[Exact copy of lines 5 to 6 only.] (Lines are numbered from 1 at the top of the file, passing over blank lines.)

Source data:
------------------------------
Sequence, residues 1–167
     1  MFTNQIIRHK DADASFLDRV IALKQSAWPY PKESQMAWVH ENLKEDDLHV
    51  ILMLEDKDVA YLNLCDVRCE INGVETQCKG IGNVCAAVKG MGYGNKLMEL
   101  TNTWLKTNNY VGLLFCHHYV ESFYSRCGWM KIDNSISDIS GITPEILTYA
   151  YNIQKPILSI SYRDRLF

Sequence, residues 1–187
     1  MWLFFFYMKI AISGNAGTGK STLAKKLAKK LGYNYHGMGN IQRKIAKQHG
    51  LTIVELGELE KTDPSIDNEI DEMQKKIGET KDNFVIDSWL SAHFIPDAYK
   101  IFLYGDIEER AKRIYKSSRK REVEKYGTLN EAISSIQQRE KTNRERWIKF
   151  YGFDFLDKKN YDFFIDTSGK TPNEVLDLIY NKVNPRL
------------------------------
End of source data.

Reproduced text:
   151  YNIQKPILSI SYRDRLF

Sequence, residues 1–187